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12-14a, Clerkenwell Green

A Grade II Listed Building in Clerkenwell, London

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Latitude: 51.5228 / 51°31'22"N

Longitude: -0.1049 / 0°6'17"W

OS Eastings: 531575

OS Northings: 182139

OS Grid: TQ315821

Mapcode National: GBR N8.L8

Mapcode Global: VHGQT.4ZFG

Entry Name: 12-14a, Clerkenwell Green

Listing Date: 13 June 2002

Grade: II

Source: Historic England

Source ID: 1360787

English Heritage Legacy ID: 489548

Location: Islington, London, EC1R

County: London

District: Islington

Electoral Ward/Division: Clerkenwell

Built-Up Area: Islington

Traditional County: Middlesex

Lieutenancy Area (Ceremonial County): Greater London

Church of England Parish: St James Clerkenwell

Church of England Diocese: London

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Listing Text

13-JUN-02 12-14A


12-14A Clerkenwell Green. Commercial premises, now offices. 1878 by T.E.J. Channing of Holloway. Yellow stock brick with red brick dressings, cast stone and moulded brick decoration, cast iron window mullions and railings, stone coping to gables. Slate roofs. Three and four storeys with basements. Row of four commercial premises, probably workshops. Eclectic High Victorian style, with Gothic and Queen Anne elements.
EXTERIOR: endmost houses, Nos.12 and 14A, project slightly forward, are of four storeys, and culminate in shaped gables; Nos.13 and 14 to centre are of three storeys with mansards. Ground floors with pannelled entrance doors to right of wide, four-light glazed fronts; pilasters with foliate capitals either side of doors, with narrow friezes over. Moulded decorative panels between Nos.13 and 14, the centre of the composition, depicting an urn with sunflowers, and roses at frieze level above. Basements with areas, wide windows carried on pairs of cast iron mullions; original cast iron foliate railings remain in front of Nos.12 and 14A. Tripartite windows to first and second floors, with segmental-arched central lights flanked by narrow side-lights, with mullions of cast stone between on Nos.12 and 14A, ornamental brick piers to others; windows mainly pivoting sashes. Bands of moulded stonework and keystones, all with floral ornament. Third floors of endmost buildings rise up in form of ogee-shaped gables, containing Diocletian windows within arched openings of banded red brick; roundels of moulded terra cotta interrupt profile of gables. Inner pair of buildings with stepped brick eaves, large mansards above (that to No.13 renewed in recent times).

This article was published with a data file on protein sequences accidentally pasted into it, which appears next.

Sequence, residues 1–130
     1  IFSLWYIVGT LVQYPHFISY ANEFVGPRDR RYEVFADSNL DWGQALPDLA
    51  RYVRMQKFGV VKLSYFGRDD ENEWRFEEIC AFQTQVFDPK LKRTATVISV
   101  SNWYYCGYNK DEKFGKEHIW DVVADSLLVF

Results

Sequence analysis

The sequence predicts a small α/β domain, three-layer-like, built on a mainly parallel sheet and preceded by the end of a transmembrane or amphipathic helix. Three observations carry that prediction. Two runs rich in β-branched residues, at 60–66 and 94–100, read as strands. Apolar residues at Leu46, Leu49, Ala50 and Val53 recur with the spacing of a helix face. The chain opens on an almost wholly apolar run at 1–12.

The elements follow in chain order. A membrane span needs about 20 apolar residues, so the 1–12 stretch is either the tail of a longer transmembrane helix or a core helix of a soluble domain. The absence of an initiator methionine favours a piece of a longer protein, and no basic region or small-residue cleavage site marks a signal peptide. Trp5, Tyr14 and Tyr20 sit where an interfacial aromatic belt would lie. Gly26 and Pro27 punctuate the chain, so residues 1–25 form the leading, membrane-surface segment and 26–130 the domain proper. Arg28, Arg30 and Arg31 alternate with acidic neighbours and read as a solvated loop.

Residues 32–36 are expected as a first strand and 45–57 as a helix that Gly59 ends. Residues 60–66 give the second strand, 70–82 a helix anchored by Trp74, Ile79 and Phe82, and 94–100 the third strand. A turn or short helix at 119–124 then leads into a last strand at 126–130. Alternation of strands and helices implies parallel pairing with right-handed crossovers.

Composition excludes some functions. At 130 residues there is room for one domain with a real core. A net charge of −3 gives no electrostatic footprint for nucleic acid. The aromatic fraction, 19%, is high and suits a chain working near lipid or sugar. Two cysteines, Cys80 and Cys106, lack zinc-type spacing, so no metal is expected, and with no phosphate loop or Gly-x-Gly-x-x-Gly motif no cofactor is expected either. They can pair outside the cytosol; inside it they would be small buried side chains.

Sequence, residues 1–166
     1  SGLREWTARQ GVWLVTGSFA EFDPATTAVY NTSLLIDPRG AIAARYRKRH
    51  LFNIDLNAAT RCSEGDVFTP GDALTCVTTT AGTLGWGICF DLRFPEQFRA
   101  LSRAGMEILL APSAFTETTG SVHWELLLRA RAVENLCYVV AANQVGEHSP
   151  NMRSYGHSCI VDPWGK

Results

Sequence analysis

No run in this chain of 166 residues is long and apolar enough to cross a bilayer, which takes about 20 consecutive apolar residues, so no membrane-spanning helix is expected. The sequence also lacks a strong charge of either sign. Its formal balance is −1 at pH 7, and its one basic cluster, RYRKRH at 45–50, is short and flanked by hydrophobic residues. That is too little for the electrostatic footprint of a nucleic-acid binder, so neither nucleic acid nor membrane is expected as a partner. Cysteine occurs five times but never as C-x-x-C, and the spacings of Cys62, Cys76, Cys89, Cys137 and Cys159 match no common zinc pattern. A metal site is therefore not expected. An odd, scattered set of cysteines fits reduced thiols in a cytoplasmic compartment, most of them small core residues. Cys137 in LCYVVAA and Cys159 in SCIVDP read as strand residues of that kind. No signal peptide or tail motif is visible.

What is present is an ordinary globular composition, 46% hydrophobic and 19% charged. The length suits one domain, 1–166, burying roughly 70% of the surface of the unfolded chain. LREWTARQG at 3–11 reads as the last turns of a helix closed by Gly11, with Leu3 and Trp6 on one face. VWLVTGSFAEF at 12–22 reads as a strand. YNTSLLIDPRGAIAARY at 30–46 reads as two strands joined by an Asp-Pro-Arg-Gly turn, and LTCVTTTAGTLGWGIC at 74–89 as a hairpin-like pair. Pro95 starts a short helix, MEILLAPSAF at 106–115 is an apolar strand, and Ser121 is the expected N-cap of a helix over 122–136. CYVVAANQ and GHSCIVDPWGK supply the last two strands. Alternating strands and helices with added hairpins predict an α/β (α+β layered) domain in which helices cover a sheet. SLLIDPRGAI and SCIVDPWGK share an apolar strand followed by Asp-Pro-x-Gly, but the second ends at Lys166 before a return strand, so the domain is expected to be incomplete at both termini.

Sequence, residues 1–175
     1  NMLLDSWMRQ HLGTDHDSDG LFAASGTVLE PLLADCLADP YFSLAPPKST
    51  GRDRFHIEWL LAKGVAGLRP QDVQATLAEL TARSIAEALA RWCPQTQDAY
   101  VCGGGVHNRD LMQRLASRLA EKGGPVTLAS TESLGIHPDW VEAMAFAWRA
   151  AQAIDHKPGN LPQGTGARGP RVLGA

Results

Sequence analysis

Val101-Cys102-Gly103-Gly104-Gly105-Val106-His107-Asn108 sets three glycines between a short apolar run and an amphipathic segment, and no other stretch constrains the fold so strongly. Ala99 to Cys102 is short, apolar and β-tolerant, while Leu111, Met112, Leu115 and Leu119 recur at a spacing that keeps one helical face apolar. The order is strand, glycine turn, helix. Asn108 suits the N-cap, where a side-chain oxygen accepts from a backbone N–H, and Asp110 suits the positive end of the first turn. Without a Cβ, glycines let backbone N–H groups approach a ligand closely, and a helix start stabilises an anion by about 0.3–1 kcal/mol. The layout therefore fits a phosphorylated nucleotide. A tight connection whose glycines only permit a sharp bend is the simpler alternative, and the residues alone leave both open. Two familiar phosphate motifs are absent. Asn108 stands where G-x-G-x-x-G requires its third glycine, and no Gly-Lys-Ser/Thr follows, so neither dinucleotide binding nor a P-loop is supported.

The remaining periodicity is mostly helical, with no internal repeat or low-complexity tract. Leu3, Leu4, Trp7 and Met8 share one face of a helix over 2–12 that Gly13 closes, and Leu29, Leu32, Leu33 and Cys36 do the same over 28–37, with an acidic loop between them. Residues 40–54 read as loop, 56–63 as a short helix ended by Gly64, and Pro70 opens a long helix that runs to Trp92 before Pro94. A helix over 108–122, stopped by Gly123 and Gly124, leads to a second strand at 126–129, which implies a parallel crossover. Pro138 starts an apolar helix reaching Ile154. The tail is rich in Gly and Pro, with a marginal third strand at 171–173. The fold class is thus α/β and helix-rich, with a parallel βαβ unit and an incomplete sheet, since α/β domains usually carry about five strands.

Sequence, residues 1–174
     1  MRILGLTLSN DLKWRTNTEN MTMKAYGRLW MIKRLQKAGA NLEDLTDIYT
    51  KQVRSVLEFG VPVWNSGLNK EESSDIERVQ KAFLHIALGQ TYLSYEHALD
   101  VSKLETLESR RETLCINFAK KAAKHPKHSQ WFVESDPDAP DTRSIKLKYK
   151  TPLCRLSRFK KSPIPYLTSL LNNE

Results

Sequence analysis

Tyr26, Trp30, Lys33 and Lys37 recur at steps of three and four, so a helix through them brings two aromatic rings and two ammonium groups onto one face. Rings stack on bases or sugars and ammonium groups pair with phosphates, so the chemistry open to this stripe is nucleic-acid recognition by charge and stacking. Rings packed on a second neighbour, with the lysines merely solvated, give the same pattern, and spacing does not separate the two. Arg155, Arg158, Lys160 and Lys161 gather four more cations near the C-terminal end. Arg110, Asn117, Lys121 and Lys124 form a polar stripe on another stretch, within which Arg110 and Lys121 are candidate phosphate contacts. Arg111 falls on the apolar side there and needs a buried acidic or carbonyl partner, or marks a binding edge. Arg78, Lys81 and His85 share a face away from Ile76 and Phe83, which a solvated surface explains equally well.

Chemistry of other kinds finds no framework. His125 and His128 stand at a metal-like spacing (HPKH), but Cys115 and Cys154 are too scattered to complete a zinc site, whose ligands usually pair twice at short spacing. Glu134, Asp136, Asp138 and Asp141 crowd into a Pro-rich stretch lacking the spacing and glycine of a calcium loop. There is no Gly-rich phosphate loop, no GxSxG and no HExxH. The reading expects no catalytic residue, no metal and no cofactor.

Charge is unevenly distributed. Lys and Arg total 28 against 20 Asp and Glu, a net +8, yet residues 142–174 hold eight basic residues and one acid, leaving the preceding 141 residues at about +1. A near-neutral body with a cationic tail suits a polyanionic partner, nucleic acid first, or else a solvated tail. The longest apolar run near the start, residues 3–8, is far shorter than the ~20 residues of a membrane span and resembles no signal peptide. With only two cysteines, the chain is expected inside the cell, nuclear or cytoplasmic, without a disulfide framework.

INTERIOR: not inspected; ground floors much altered; upper floors seen to retain original tongue and groove boarding to walls and ceilings.
HISTORY: built by the Holloway builder and developer T.E.J. Channing as commercial units; the first occupant was the Lewis Incandescent Gas Company, in 1885. The row is a highly characteristic survival of High Victorian commercial premises, erected in an area noted for its metal-working tradition. The fronts are richly eclectic in detail and material, reflecting prevalent tendencies in commercial design.
SOURCE: Metropolitan Board of Works, District Surveyor's Returns.

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